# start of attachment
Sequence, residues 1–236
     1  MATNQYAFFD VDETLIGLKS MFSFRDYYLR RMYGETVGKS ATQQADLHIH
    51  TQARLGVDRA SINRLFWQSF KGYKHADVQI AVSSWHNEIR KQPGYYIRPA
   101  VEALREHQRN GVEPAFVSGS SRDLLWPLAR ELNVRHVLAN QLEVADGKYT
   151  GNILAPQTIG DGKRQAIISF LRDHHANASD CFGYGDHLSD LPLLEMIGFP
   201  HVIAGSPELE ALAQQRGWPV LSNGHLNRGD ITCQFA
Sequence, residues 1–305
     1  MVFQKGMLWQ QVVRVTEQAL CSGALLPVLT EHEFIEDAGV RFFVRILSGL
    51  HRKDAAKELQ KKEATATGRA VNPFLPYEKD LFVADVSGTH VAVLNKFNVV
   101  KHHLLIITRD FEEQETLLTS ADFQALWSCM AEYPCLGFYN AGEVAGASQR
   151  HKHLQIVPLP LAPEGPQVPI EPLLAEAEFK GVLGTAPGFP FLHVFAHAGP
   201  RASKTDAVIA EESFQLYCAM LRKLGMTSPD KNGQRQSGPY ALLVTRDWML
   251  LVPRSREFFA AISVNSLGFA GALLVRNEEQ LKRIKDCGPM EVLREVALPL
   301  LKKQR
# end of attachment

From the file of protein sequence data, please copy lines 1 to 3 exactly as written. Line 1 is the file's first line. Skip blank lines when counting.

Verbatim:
Sequence, residues 1–236
     1  MATNQYAFFD VDETLIGLKS MFSFRDYYLR RMYGETVGKS ATQQADLHIH
    51  TQARLGVDRA SINRLFWQSF KGYKHADVQI AVSSWHNEIR KQPGYYIRPA